Tips for In-Ground Trampoline Installation
A beautifully (in-ground) installed AlleyOOP Trampoline
IS AN IN-GROUND TRAMPOLINE SAFER THAN ABOVE GROUND?
A new trend in backyard design and play-equipment is installing the trampoline below ground. An in –ground trampoline can be aesthetically pleasing and seem a lot safer than the typical installation. In fact, one of the top customer questions asked is “Isn’t getting in-ground trampoline installed safer than having it above ground?” The short answer is ‘No.’ However, that doesn’t mean you have to sacrifice your plans for a pretty yard just yet. Please read this tutorial and decide if an in-ground trampoline will be right for your family and your investment.
WHY IS THE SHORT ANSWER 'NO?'
An in-ground trampoline NOT properly vented
A common misconception is that if a person is jumping on an in-ground trampoline and fall they
are less likely to be as seriously injured as they would on an above-ground trampoline. FALSE!
Though the jumper is closer to the ground; if a safety enclosure is not in place, they can still
fall from a high distance; sometimes six or more feet in the air and land on hard ground, often
landing on the hard surface of a retaining wall. In addition, for proper ventilation and
drainage there, often there will be extra space between where the trampoline ends and the
retaining wall begins leaving room for small limbs to get caught when falling or even when
entering/exiting the trampoline.
Another misconception is that an in-ground trampoline will feel just as bouncy and comfortable
as an above ground trampoline. Also, false! If the trampoline pit does not allow for the proper
air-flow, it can feel like you are jumping on a hard surface and be rather uncomfortable.
The picture on the left shows an in-ground trampoline without proper ventilation and most
likely a hard jumping surface.
The ideal bounce is above ground with a lot of air clearance and a safety net enclosure
installed so the jumper is completely surrounded and experiencing a smooth, safe and comfortable landing.
WHAT ELSE SHOULD I CONSIDER?
Consider the maintenance; another element of your family's safety. In-ground trampolines require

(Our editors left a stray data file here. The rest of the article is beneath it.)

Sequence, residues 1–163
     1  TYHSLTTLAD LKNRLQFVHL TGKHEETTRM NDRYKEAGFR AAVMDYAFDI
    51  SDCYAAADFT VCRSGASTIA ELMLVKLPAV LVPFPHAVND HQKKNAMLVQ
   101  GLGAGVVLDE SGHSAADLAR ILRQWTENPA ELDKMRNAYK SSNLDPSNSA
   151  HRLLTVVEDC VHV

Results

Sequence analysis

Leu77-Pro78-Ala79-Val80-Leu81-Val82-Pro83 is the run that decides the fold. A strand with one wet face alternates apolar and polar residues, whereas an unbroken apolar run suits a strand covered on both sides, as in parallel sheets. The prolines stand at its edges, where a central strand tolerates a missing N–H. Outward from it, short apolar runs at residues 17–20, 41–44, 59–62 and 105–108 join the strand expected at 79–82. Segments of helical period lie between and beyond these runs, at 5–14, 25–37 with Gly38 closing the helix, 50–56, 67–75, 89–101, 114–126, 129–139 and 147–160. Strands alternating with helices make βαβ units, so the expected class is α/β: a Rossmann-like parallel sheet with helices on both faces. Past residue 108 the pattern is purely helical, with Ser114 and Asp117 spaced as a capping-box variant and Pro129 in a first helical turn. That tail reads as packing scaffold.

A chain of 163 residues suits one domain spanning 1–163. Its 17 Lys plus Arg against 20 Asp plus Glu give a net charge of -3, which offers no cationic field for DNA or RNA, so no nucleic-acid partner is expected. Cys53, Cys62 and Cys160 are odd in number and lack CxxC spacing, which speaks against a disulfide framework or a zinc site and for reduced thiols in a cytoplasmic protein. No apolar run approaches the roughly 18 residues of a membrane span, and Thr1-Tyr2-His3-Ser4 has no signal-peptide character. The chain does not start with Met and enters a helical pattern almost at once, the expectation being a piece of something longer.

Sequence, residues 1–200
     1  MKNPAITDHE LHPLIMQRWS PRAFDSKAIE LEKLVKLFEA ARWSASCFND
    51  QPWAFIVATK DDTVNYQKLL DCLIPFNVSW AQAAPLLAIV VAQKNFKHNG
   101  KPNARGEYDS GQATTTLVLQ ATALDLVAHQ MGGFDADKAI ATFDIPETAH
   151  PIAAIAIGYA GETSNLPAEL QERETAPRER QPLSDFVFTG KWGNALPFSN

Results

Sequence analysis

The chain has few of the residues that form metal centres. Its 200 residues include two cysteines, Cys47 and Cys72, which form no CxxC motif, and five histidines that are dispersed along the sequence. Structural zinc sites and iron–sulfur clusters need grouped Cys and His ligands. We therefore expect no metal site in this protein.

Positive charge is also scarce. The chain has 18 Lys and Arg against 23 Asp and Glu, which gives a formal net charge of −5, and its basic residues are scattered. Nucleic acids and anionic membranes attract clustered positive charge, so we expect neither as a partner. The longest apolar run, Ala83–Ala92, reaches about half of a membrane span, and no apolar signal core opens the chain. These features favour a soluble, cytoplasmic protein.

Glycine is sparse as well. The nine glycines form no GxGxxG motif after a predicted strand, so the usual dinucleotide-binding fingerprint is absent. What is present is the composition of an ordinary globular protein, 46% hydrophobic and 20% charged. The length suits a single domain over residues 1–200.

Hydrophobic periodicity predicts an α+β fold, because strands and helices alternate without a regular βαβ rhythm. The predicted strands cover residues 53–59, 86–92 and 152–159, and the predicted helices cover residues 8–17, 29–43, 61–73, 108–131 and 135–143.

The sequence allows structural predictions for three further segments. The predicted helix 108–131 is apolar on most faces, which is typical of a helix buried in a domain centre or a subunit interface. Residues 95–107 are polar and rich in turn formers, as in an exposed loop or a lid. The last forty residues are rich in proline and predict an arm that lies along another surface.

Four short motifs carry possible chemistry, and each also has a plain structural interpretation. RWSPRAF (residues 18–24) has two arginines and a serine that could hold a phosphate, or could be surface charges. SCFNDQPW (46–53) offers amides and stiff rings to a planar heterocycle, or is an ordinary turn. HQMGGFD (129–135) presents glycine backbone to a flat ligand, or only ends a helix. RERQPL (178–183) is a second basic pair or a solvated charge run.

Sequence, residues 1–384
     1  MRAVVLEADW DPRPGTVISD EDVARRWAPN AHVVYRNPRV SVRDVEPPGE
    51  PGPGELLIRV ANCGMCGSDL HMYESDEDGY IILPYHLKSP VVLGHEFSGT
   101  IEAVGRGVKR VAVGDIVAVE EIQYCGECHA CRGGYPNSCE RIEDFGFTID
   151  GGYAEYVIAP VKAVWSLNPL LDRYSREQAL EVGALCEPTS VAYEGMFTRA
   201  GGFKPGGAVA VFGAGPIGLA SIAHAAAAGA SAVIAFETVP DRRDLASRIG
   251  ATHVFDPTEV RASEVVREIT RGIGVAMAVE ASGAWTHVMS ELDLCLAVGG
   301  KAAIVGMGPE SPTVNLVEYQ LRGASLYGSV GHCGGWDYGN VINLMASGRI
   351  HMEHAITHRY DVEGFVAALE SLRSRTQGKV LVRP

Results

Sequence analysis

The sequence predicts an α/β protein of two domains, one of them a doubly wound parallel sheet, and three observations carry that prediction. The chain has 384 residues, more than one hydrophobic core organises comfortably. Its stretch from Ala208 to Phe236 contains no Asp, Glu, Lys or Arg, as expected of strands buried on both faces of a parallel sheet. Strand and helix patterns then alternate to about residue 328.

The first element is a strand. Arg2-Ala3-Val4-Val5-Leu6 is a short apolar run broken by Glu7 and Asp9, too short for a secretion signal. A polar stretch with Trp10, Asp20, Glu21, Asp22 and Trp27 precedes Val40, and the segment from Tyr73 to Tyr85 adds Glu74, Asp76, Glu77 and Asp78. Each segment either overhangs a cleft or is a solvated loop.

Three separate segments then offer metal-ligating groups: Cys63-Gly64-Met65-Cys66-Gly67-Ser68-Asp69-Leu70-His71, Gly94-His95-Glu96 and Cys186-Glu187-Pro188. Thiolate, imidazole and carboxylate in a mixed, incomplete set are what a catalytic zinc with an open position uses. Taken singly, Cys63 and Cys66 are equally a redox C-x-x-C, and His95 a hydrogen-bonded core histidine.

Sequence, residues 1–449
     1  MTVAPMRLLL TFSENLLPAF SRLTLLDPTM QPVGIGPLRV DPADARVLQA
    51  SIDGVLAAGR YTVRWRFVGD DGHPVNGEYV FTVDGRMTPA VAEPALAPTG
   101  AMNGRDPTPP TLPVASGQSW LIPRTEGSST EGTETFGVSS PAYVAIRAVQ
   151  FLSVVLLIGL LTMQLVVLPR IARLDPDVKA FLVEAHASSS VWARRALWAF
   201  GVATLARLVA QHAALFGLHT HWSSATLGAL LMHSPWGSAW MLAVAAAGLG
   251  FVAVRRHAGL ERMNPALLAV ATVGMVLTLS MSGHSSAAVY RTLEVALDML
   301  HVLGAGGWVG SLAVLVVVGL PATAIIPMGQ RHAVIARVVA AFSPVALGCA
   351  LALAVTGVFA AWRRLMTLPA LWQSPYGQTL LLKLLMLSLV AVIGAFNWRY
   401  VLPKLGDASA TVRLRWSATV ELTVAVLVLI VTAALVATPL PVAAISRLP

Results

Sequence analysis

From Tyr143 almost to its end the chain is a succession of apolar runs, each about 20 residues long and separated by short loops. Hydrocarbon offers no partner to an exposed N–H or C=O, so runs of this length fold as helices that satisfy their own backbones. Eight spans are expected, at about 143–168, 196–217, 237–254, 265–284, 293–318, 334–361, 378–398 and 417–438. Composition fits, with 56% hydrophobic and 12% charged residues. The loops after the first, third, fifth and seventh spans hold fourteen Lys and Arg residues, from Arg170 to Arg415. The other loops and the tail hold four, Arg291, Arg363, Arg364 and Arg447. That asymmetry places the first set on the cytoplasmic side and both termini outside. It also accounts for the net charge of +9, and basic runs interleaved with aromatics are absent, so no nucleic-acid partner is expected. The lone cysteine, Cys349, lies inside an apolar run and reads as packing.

more maintenance and care; there is a lot you aren't seeing if you choose to sink the trampoline down.
Regular frame, spring, and jumping mat checks are necessary to ensure your family is safe every
time they step on and off. Once the trampoline is set down in its “resting place” most of the key
components will be inaccessible to you.
In-ground trampolines also require more time and money to build. They need to be placed in a
space that can allow 3-4 feet of digging without running into rocks or utilities of any kind
(gas, electric or plumbing – a call to your local city planning office might be a good idea).
I addition, you will need to consider how water from rain, snow or even normal gardening will
drain out from underneath the trampoline. Stale and stagnant water in a back yard can lead to
insect infestations and/or rusting.
DO I REALLY NEED A NET WITH MY IN-GROUND TRAMPOLINE?
If you are placing your trampoline in-ground there is still the danger of falling.
We suggest looking into our top-rated trampoline safety net enclosures as an alternative.
Safety nets, if installed correctly, will help prevent a ground impact from a fall and will
stop intentional jumping off the trampoline– often leading to injuries. An enclosure ensures
that a child enters and exits the trampoline safely. They also carry a high weight rating and
are essential for adults just as much as children. Either way, enclosures keep the jumper safe
and are a necessity when owning a trampoline.
WHAT ABOUT MY PRETTY YARD?
JumpSport offers a variety of top-rated trampolines and safety enclosures that are well built
and would look great in any yard. It's true that an in-ground installation will hide this normally
very visible piece of outdoor play equipment. However, please consider what we have discussed so
far; dampened bounce, limited access to the frame and key components of the trampoline, extra
maintenance costs if not properly installed, and the extra cost of the installation. Consider